Starting Seeds Indoor For A Vegetable Garden

Having just bought my first home with a sunroom, I decided to start growing my first natural vegetable garden. Not all plants can be grown indoors, but salad greens, like lettuce, cress, or arugula, are ideal for container gardens and can easily be grown indoors in a bright sunroom or under a skylight or artificial lights.

Herbs such as basil, thyme, sage, or oregano are also easy to grow indoors. Simply snip off the leaves as you need them. Pepper plants are amazingly productive, and it is possible to harvest 2 or 3 peppers per day. Peppers are annuals that will live for only one year outside. Their lifespan can be prolonged indoors.

The same is true for some kinds of tomatoes. Eventually, though, you will need to start new plants from the parents’ seeds. The initial cost of buying seeds, soil, and containers quickly pays off when you figure all the money you will save at the grocery store.

But first, you have to learn how to properly start seeds indoors, otherwise, be prepared to repeat the same mistakes over and over and never knowing why your seeds sprout and die. (Unfortunately, I speak from experience on this.) At first, I made the mistake of thinking I could just fill some pots with potting soil, plant a few seeds, water, and wait for nature to do the rest.

Not surprisingly, this didn’t work out so well. The seedlings fell victim to a condition called dampening off, where the fragile baby roots are killed by a fungus that grows in too moist soil, and I learned the hard way that planting seeds in regular potting soil are a big no-no. This is probably the most important piece of gardening advice anyone can learn. Y

You are supposed to use a special growing medium that is either totally soilless or has very little soil and is high in a spongey matter such as perlite or peat moss, which helps the soil retain moisture and oxygen. Why you ask?? Don’t the plants outside in nature grow in regular dirt. A bird drops a seed, and soon they sprout up all by themselves without any help from anyone, sometimes in hard, dry soil, so why are my seeds so picky??

Well, it’s true in nature, seeds do grow in even the worst soil, but the parents’ plant often has to drop thousands of seeds before one manages to take root and grow. This is fine for the tree, but for a gardener, one packet of seeds containing about 15 seeds costs approximately $3.00. With those odds, you would have to spend $200 on seeds to get one plant! I don’t know about you, but I sure don’t have that kind of money, so we are trying to improve the odds of success, and to do this, we need a good seed starter mix.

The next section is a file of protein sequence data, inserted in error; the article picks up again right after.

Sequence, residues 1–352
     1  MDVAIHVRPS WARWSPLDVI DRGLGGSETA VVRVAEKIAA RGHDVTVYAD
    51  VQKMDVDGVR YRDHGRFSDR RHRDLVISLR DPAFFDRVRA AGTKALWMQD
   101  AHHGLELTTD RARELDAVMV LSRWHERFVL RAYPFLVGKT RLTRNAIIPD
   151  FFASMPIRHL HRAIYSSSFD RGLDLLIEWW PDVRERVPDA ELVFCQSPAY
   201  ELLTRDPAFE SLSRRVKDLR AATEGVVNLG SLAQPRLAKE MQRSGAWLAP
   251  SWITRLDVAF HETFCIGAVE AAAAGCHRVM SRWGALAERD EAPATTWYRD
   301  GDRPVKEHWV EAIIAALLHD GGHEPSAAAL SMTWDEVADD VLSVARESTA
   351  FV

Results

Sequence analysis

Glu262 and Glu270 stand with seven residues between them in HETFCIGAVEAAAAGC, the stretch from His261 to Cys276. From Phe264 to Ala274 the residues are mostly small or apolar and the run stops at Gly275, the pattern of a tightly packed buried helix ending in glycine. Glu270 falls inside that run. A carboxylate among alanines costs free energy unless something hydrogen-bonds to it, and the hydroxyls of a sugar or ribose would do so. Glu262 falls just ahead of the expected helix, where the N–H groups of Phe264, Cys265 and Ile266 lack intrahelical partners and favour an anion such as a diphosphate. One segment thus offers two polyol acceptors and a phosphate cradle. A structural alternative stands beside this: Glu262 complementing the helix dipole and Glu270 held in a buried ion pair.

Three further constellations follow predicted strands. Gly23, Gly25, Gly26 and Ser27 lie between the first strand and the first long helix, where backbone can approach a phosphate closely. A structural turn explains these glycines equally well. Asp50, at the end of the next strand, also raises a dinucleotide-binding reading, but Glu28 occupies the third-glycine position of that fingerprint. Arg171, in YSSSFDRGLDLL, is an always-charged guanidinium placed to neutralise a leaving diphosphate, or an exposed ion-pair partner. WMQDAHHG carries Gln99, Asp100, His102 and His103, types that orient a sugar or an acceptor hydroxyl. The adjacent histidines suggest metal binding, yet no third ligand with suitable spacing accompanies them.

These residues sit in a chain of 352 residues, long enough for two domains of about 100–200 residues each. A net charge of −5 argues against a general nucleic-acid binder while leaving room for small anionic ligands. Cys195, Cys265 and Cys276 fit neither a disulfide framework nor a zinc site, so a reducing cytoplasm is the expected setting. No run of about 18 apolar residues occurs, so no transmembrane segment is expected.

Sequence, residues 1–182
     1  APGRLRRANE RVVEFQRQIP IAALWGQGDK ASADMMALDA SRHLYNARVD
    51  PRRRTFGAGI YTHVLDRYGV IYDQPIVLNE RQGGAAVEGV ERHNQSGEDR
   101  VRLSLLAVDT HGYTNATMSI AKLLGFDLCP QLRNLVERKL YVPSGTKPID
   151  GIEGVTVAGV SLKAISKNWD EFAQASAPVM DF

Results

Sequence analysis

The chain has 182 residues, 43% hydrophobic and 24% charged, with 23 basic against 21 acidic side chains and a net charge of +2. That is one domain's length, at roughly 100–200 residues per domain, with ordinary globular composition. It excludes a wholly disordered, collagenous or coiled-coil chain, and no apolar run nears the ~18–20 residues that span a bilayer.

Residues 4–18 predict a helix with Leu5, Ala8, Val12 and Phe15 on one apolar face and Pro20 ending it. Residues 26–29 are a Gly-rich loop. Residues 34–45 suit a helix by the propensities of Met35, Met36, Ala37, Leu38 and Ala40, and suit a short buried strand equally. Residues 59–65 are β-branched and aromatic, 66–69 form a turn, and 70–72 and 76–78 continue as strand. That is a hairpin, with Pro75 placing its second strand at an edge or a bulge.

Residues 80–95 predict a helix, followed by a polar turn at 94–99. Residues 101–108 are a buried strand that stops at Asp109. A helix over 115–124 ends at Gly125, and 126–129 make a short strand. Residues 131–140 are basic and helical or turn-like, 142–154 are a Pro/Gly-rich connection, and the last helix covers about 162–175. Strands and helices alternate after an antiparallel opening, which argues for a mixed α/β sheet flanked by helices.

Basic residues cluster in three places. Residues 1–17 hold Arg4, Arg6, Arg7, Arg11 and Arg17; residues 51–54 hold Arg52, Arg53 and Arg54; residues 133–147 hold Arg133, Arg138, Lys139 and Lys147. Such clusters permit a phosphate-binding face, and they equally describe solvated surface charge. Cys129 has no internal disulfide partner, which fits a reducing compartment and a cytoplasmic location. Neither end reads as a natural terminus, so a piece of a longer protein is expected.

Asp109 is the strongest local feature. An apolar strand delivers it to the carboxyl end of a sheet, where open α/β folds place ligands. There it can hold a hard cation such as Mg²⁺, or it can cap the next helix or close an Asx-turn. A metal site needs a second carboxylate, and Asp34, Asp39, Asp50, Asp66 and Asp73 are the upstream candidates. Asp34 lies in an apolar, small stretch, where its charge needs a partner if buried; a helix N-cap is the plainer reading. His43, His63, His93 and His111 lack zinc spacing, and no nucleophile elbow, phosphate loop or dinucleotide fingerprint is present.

Seed starter mix is easy enough to find at the garden center. You can buy it at gardening stores pre-made. You can also make it yourself. Traditionally the three main ingredients of a seed starter medium are a combination of equal parts peat moss, vermiculite, and perlite. But peat moss is a non-renewable resource, and the harvesting of it is bad for the environment, so you may prefer to use a more environmentally friendly alternative to peat moss, like coconut coir. Coconut Coir (the ground-up hair that grows on coconuts) is the best alternative, although it is expensive.

Many gardeners claim to get just as good results using clay cat litter or shredded newspapers as a substitute; just make sure if you use newspapers, the ink that is used is soy ink. I admit I have been using peat moss for starting seeds though I am currently testing out a new mix that includes shredded newspapers, so hopefully, I will be able to wean myself off peat moss in the future.

Now when you are in the garden store looking for the ingredients for your seed-starter mix, you will no doubt see little seed starter kits or containers for growing seeds in, but don’t be tempted to buy them. There is a very simple way to make containers perfect for growing seeds out of toilet paper rolls. Just save up toilet paper rolls, then get a pair of scissors and make about five 1/2 inch long cuts on one end of the rolls.

Make sure they are spaced evenly apart. Then turn the tabs inward to create a flat bottom capable of holding the seed-starter mix. Get some sort of a plastic container and put the toilet paper rolls inside it. Fill them with your soilless mix (which should be kept moist but not soggy), plant the seeds, and wait.

After the seeds grow large enough, they need a larger container, but there is no need to disturb their fragile roots with transplanting. You can simply take each toilet paper roll and plant the whole thing in a larger container. In time the toilet paper roll will break down in the soil allowing the roots to grow and expand.

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